The “Correos” Stamps of Venezuela

During the last few months we have read and heard very much of Venezuela. Financial difficulties and political combinations have brought into prominence this South American republic, the stamps of which will be at present of interest to many, and a few notes dealing with the “Correos” series may not displease our readers.

Venezuela means “little Venice,” a name given by the discoverers Hojeda and Vespucci in 1499 to a village found by them to have been built on piles, and this name was later on applied to the whole country beyond. It is now a Republican Confederation of States, situated in the northern part of South America between Brazil and British Guiana; in 1831 it was declared to be independent from Colombia and practically founded then. Fifty years later, in 1881, the country was re-divided. Since then Venezuela comprises 8 States, 8 Territories, 2 Settlements and a Federal District, all under one President. The area and population is variously stated, the latest estimate being 594,165 square miles with 2,444,816 inhabitants, mostly Mulattos of Indian, Spanish and Negro descent. Capital is Caracas.

After 1876 two sets of stamps to prepay postage are used side by side, the “Correo” (Post), or “Correos” (Posts), and the “Escuelas” (Schools), altered lately into “Instruccion” (Education). Some authorities declare the latter labels to be revenue stamps which may be used for postage like some of the Australian fiscals; others again say that stamps of the “Correos” class are used for Foreign postage, the proceeds of their sale going to the Post Office Department, while the “Escuelas” and “Instruccion” stamps are set apart for Inland postage, the revenue arising from their sale being handed over to the minister of education for the maintenance of the State Schools. But, as Dr. Moschkau remarks, “It is strange that in spite of prolonged researches no official decree could be placed before us to prove that those stamps were used exclusively for Inland postal service as is presumed by many philatelists.” Without entering into this controversy we will at present take up the “Correos” stamps only as being undoubtedly true postage stamps.

On January 1, 1859, Venezuela issued its first set of adhesives. It consisted of three small-sized stamps to the value of 1⁄2 real, orange or yellow in color; 1 real blue or dark blue; and 2 reales red or rose, all imperforate. The design shows the arms of the country between branches on a background of vertical lines. On top in two lines are (in white letters) the words “Correo de Venezuela,” the value, also in white letters, is in a tablet at bottom. The paper is white, but there is also a scarce set on bluish paper. The stamps were made at Caracas in the lithographic offices of Senor Felix Rasco, and are lithographed in two distinctly different qualities. From this circumstance has arisen the assumption that one set only is lithographed and the other engraved, the former to be a kind of provisional issue, put in circulation during the preparation of the engraved plates. Senf’s Catalogue states in conformity with others that all stamps up to 1882 are solely made by lithography, adding a few characteristic points between the two printings of 1859-60, for which apparently two transfers on stone have been employed.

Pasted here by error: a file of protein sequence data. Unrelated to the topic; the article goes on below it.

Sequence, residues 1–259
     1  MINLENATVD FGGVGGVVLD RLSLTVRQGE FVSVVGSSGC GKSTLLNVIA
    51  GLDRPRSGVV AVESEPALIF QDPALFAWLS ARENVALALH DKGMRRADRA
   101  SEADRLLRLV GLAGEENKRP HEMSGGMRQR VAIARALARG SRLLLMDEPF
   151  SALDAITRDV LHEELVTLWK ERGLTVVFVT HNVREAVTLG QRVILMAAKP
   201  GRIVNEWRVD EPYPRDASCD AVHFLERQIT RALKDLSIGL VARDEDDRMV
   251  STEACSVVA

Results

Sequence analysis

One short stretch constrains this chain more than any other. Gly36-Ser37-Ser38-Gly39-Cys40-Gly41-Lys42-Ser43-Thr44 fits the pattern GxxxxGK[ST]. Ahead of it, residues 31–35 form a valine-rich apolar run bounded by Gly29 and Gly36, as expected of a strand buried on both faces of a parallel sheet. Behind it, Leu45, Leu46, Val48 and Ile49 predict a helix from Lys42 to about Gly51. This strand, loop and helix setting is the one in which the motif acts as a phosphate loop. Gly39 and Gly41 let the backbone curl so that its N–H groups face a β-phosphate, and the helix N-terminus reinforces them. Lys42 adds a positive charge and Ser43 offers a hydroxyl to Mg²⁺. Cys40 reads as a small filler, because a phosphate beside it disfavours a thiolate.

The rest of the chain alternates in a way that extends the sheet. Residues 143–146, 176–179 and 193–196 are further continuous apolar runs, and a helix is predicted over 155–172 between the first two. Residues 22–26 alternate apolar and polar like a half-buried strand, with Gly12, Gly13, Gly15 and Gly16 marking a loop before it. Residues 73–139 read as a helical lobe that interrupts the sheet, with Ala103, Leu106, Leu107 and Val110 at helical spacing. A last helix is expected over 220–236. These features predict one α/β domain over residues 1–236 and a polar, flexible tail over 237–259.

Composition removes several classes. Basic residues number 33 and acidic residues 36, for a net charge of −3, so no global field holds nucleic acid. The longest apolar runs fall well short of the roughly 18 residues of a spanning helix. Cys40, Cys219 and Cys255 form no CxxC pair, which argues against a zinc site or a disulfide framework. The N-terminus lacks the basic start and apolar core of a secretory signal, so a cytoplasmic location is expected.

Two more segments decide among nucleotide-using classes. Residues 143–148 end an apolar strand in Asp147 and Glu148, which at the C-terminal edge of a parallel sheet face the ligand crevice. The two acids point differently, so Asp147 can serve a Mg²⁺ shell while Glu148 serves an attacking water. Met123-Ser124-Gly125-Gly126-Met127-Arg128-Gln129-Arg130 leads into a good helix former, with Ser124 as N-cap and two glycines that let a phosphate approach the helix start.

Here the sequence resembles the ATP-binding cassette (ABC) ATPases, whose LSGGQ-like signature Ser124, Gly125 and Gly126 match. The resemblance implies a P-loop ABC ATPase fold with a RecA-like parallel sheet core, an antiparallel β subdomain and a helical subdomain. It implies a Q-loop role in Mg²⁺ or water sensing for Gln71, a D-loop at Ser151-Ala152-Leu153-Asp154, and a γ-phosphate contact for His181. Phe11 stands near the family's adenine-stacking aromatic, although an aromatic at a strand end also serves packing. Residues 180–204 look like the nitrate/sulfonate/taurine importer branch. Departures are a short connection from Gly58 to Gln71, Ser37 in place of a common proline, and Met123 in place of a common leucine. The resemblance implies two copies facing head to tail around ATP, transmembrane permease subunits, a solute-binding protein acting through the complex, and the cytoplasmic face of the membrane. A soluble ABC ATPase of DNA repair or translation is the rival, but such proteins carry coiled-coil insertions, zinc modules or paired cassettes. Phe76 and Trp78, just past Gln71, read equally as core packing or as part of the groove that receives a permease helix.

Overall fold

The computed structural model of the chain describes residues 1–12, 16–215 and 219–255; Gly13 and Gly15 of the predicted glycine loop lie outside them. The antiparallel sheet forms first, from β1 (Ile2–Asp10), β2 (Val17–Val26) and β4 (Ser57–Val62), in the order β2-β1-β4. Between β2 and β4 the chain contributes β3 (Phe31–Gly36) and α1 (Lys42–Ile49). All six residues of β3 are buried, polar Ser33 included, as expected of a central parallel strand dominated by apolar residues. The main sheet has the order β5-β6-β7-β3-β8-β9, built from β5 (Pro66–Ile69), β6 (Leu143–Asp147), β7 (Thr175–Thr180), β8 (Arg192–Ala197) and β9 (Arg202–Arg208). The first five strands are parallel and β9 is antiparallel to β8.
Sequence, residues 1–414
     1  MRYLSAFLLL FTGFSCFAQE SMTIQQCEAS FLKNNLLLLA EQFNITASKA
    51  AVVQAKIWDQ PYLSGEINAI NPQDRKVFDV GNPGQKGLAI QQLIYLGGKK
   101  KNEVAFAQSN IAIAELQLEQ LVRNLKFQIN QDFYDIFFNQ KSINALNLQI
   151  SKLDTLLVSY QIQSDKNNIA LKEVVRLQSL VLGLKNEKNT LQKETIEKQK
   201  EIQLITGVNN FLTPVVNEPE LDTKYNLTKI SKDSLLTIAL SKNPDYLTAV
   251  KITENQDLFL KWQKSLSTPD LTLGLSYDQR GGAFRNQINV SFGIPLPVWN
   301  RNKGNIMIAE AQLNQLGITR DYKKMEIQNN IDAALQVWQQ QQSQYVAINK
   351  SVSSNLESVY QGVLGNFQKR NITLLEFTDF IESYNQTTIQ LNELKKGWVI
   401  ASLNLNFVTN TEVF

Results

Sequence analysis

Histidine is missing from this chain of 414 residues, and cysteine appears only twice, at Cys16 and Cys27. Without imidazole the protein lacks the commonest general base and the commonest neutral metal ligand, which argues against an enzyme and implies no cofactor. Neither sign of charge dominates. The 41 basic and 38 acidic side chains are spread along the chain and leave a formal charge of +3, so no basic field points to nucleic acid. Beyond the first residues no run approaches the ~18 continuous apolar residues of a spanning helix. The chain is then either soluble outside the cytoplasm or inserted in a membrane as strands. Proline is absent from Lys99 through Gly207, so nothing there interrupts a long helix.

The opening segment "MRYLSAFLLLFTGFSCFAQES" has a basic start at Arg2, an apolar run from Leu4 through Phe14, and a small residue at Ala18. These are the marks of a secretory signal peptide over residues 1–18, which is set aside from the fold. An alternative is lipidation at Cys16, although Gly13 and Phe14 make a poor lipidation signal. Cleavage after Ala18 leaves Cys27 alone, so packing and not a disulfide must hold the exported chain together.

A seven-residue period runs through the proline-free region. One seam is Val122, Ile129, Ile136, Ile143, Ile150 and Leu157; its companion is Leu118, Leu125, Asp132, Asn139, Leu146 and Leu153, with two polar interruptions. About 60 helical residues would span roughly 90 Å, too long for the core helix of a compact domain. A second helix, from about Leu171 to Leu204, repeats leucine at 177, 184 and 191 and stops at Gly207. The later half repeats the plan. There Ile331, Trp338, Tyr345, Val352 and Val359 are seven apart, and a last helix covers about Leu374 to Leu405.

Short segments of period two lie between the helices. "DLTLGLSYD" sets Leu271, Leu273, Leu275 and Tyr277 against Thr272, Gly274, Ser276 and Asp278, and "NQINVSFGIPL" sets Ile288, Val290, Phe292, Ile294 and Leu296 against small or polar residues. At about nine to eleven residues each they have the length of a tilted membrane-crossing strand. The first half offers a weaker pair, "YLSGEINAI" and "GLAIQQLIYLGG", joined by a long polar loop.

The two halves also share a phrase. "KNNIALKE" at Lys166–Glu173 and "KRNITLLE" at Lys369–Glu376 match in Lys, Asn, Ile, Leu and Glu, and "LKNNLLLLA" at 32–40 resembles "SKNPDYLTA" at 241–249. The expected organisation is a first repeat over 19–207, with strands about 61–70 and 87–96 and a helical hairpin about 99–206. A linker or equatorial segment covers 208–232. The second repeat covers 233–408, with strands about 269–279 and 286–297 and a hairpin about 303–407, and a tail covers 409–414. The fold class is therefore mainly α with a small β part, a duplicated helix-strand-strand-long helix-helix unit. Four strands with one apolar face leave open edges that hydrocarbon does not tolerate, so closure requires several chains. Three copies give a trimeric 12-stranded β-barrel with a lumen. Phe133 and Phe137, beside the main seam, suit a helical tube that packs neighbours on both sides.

Coarse Printing

Details of design are indistinct, especially are the white letters of the inscriptions partly thick and partly thin or have run into each other.

The spaces between the stamps of a sheet are without printed dividing lines.

The intermediate spaces, although unequal in width, are sufficiently wide to allow dividing the stamps without mutilating them.

Fine Printing

Paper hard and crackling, and from the gum more or less brownish in tone.

All details of design are clear, especially exhibit the white letters of the inscription a certain symmetry and sharpness.

There are colored vertical division lines in the spaces between the stamps.

Most of the stamps are placed very close together, and frequently they are so much slanting to one side that the division line runs into the outer frame of the stamps, thereby making it often impossible to divide the stamps without damaging them.

On August 7, 1861, three supplementary values were issued to satisfy, no doubt, the demand for stamps of a smaller denomination. They are in centavos, the currency of Venezuela then being 1 peso (boliviano) of 100 centavos, divided into 8 reales. The stamps are of the same design as the foregoing issue, but are larger and square; the Coat of Arms this time has a white background, and all letters are colored. The values and colors are: